Thursday, February 2, 2017


Over time, one-off dragon species have become one of my favorite monster categories.  I love their wildness and their weirdness, how they harken back to early folktales and myths, and how each one’s set of abilities and characteristics is a surprise instead of checkboxes on a five-dragon matrix.

So naturally I’m delighted by the khala, a female water dragon from Bulgarian mythology.  Introduced to Pathfinder via the Golarion’s dark, vaguely Slavic fairytale land of Irrisen, the khala has added supernatural cold to her portfolio as well.  A three-headed, snake-like, ice-spewing beast, she brings winter with her wherever she goes.  Even her bite is laced with a poisonous chilling disease.

The presence of a khala implies both history and corruption, because there is a warping in the race’s past.  Somewhere back in the distant strands of time, they were prouder wyrms and their lands more beautiful or fertile places…but no more.  Khalas tend to linger in the same regions as witches, hags, cruel magical or military tyrants, and frost giants…anywhere where decades or centuries of cold, corruption, coercion, and control have worn down the land and its people.

There’s also the mystery of how khalas reproduce, and the fate of their male zmey counterparts.  Ecologically minded adventurers might wish to see the zmeys restored; defenders of civilization might wish the khalas wiped out completely.  Other dragons might fill in for the zmeys as well—the flame-spewing, multinecked gorynyches seem a particularly good fit.  But the demise of the zmeys might also serve as an origin for the cursed taninivers or the mysterious damned azi as well…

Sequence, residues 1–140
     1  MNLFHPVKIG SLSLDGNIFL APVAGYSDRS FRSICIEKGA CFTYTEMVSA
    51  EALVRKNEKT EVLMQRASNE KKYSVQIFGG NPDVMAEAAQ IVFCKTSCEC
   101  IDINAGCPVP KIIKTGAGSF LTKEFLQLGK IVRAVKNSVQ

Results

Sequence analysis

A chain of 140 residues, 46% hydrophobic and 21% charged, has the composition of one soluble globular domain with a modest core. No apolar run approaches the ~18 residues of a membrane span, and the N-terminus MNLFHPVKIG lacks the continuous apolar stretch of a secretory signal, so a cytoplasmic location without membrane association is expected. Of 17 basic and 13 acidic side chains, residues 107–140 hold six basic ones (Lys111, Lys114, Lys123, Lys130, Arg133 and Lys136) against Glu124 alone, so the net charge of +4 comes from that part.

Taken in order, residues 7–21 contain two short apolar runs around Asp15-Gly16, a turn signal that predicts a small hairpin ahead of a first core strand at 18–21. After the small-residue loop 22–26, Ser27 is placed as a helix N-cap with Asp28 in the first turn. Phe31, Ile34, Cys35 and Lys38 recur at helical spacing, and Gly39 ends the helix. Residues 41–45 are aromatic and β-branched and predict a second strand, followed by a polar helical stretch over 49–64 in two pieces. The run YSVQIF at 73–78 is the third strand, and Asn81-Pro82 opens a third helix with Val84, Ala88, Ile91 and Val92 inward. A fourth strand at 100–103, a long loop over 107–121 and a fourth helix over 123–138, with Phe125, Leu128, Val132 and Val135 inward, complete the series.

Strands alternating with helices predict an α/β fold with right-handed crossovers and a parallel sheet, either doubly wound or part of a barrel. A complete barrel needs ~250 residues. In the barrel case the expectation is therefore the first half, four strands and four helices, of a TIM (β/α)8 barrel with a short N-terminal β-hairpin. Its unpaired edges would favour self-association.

A mysterious wood has grown up around Dun Harrow, hiding the ancient fort and its renowned, possibly magical stone carvings.  Even the weather seems to linger chill and stormy over the surrounding shire.  A khala has used repeated suggestions to take a dryad queen as her lover and force the fey’s kinswomen to reshape their forest as she desires.

When the shattering of the Sphere of Black Omens corrupted the Elflands, Par Tarthelion suffered the worst.  Its crystal towers grew dark and cracked; its trees turned thorny and brittle; its rivers ran with blood and the weeping of sores.  And when the cold winds blew from the north, no longer held at bay by elf weather magic, Par Tarthelion’s guardian green dragons shriveled and split, each one transforming into—or was it birthing?—a khala.  If there is one small consolation, it’s that the nightmarish beasts cannot breed, the guardian greens all having been female.  At least, that is what the elven exiles hope…

When the Bohemians left the poor, overworked foothills of their homeland in search of the rich plains of the American Midwest, they brought their work ethic and their mournful songs…but also their nightmares.  Through possession, subterfuge, and the mysterious Grey Roads of the Otherlands, hags, soulbound dolls, dybbuks, ice devils, and the terrible khalas all found their way to the Great Lakes region.  Canadian gnomish settlers and furriers report that monsters hold the northern shore of Lake Huron, and Lake Superior is nearly entirely overrun.  Adventurers who were running guns to the Lakota Indians and the Lake Crowfolk tengu tribes now find themselves being offered pardons if they will go with a U.S. Army detachment to drive the khalas out of the Great Lakes.

Irrisen: Land of Eternal Winter 59 & Pathfinder Bestiary 5 151

Irrisen pluralizes khala as “khala”; B5 uses khalas.”  I like the former but went with the latter for consistency.

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